UK's Oldest Comic The Dandy Faces Closure

Damn, I used to love The Dandy when I was little. Cuddles And Dimples was my shit. Rotten little pervos that they were. As was that one about that really unlucky dude called James. Or was that in Wizzer And Chips? I forget. Desperate Dan I never really cared for to be honest. I was like, "Ooh, big strong guy with massive chin that likes pie! Give a shit!"

Here's an weird thing - I was looking for a copy of The Dandy in Smiths this afternoon, and I could only find Beano Extreme, or whatever it's called. True story.

Anyway.

From the Guardian:

The Dandy, the UK's oldest children's comic and home to cartoon strip characters including Desperate Dan, the cow-pie eating cowboy, is facing closure after 75 years.

In its heyday between the 1950s and 1980s, the Dandy sold 2m copies a week as young fans lapped up stories of Desperate Dan and Korky the Cat.

But it has suffered circulation decline since then as successive generations of children have grown out of the habit of reading weekly comics, with their free time given over instead to watching TV and more recently playing video games and surfing the internet.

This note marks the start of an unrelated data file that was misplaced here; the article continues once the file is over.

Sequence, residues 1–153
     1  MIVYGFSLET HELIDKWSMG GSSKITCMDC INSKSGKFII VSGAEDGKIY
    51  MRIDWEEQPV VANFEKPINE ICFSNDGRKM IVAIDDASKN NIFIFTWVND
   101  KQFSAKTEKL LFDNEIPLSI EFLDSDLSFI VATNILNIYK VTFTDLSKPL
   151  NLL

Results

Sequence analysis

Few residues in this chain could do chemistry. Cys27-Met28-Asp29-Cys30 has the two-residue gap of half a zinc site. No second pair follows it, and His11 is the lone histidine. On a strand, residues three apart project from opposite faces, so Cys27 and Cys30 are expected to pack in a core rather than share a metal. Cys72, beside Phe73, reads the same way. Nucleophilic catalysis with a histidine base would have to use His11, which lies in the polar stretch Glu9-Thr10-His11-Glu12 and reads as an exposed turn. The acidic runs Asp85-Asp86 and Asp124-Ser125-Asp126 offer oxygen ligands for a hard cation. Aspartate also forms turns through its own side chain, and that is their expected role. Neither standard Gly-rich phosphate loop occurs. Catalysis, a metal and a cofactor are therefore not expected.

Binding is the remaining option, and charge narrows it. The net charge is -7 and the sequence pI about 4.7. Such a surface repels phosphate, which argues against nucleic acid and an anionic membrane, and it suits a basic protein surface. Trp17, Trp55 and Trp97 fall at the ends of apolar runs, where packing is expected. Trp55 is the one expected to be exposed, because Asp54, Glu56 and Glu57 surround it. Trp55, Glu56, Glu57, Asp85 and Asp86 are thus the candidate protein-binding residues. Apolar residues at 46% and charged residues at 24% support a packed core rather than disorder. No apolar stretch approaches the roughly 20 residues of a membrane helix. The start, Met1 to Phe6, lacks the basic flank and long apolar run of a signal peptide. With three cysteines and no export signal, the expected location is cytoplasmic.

The Dandy has outlasted children's comic titles such as the Beezer and the Topper by 20 years or more. But a series of relaunches in the past five years – including a switch to a fortnightly called Dandy Xtreme, and most recently a move in 2010 to introduce celebrity-themed comic strips featuring the likes of Harry Hill and Cheryl Cole – have failed to halt its circulation decline.

By the second half of 2011, circulation had dipped below 8,000, according to the most recent official figures, and the title is expected to cease publication shortly, according to insiders.

A spokeswoman for Dandy publisher DC Thomson confirmed that the closure of the print title was being considered as part of a review of the company's magazine business, but indicated that characters such as Desperate Dan would continue to exist online.

Characters such as Desperate Dan could also continue in print by switching to DC Thomson's sister title the Beano, home to Dennis the Menace. The Beano had a circulation of 38,000 in six months to the end of December.

"We are carrying out a review of our magazines business to meet the challenges of the rapidly changing publishing industry," the spokeswoman said.

"There are many challenges within the industry at present, but we're excited that the digital revolution has also given us an opportunity to innovate and develop. We're confident that future generations will continue to enjoy our much-loved products and characters."

The Dandy first went on sale in 1937 costing 2p, with a free whistle. The Cartoon Museum in London is preparing an exhibition celebrating the 75th anniversary, which will open in October.

Read the rest here.